There are quite a few waterfalls throughout the Hocking Hills region, each with its own unique features. I only visited 2 during the competition, and luckily I got to spend some quality time with both of them. By "quality time" I mean to say that it was just me and the waterfall - no one else around. One way to achieve this is to get to the waterfall early in the morning (say, before 8:00), which is what I did at Ash Cave. Another way is by dumb luck, which is what happened at Conkle's Hollow. You have to walk back quite a bit from the trailhead to get to both of these falls, and once you do, it's almost as if you've entered another world. When you enter it alone, it becomes very sacred space. I'll refrain from too much New-Agey, hippie mumbo-jumbo, but suffice it to say that when I left both of these waterfalls, I felt cleansed, blessed and very much in touch with this planet that we inhabit.
And now, without further ado, the waterfalls themselves. It's a very cool but humid environment around both of them, with the smell of wet earth and wet rock, and a somewhat disorienting throwing of sound by the rocks that surround you. Sand and puddles underfoot, rocks and tree limbs to maneuver around or focus on... are you there with me?
The falls at Ash Cave - This is actually "behind" the falls, and I stayed here for a long time, planning out how I could creatively capture its beauty. You may see the "rock" that was featured in my "Photographer's Choice" photo.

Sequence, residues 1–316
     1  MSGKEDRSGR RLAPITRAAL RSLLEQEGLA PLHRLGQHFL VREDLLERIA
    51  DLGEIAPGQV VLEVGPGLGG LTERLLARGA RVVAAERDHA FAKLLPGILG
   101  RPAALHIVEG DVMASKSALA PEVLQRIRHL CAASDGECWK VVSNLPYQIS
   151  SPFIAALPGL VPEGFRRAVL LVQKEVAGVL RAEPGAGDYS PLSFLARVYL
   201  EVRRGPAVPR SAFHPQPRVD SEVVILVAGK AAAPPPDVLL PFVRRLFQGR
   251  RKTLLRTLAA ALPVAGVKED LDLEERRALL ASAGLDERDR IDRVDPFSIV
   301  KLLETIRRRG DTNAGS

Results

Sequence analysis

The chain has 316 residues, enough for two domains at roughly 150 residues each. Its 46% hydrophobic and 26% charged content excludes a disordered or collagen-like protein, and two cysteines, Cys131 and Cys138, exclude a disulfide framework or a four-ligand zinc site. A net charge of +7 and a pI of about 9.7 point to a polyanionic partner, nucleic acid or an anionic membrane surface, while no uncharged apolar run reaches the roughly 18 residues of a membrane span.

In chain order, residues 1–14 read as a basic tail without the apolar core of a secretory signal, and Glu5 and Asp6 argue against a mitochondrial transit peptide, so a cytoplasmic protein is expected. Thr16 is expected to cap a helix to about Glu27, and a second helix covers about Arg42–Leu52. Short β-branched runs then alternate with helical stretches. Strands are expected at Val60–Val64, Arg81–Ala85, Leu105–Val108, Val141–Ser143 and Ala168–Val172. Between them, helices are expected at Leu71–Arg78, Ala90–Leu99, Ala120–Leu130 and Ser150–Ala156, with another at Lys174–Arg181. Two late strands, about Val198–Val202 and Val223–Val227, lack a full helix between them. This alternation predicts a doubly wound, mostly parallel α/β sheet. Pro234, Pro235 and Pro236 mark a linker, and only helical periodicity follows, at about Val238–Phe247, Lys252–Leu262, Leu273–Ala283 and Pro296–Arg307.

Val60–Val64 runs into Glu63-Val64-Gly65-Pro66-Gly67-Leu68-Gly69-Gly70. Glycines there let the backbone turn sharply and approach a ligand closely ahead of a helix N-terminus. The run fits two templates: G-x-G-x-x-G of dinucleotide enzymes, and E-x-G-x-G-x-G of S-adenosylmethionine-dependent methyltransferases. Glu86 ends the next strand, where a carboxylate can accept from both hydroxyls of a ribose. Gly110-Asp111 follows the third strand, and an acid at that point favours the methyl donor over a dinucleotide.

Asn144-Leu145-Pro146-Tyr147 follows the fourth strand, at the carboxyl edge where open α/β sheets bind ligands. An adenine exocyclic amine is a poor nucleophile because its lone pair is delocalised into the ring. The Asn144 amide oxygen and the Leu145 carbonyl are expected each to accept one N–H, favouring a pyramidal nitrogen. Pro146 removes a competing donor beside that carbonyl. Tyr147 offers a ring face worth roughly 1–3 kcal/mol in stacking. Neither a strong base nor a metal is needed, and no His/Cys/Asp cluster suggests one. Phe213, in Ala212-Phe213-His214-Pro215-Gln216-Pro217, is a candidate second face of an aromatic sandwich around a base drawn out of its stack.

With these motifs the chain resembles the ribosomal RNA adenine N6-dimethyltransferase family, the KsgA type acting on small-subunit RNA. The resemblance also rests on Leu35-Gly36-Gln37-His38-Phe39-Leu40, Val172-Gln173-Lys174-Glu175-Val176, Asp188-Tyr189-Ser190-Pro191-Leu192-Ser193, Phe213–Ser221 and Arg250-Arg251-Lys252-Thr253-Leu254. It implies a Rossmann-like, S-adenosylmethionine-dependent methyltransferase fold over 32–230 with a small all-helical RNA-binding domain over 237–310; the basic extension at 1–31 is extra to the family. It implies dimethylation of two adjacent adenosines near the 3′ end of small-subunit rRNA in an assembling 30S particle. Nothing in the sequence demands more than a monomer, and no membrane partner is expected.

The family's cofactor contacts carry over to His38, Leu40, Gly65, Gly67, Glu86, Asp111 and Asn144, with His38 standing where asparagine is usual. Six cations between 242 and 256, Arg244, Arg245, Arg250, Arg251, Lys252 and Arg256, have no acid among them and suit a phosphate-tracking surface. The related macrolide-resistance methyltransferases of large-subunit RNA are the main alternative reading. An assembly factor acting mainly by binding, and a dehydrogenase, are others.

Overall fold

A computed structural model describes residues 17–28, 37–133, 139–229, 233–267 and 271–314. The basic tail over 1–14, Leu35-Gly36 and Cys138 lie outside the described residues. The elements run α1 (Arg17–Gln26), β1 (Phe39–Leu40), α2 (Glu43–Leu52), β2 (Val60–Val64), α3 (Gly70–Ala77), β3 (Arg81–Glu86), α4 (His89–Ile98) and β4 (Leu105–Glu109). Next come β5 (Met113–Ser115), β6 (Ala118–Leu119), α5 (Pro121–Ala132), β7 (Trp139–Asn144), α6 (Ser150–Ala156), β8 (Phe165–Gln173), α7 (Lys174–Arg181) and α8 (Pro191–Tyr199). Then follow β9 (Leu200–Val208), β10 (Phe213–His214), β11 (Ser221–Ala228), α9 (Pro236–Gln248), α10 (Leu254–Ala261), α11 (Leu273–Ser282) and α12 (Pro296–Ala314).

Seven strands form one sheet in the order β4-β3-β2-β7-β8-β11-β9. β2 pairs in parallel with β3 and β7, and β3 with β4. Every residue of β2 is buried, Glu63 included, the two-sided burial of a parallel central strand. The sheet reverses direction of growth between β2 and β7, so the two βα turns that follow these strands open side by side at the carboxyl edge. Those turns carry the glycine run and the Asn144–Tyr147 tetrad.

I begin to isolate my subject, trying to decide on the best angle for the shot.
Closer, but I'm still not so sure about that stuff in the foreground... (I like it in monochrome, though. Some surprise, huh?)
Okay, I've almost got something I like...
My finished submission. I took a shot with every white balance setting available on my camera, and I think the "fluorescent" setting is what gave me such a blue coloring. The "cloudy" look of the water was achieved by a slow shutter speed (6 seconds).
Slightly different postitioning, made monochrome in Picasa. I really like this one, too.
One last technical note: I used a neutral density filter on my lens for all of these shots, which limits the amount of light that comes through the lens. I don't think any of those shots would have been possible without that filter, because I was already maxed out with my other options of shutting out the amount of light that came in through the lens. (Limiting light is a necessity when shooting at the slow shutter speeds needed to get that "veiled" look of the moving water.)
And one last non-technical note: I'd like to thank all of you for reading this blog and sharing in my nature experiences. I hope we'll all still be here together 150 more posts from now!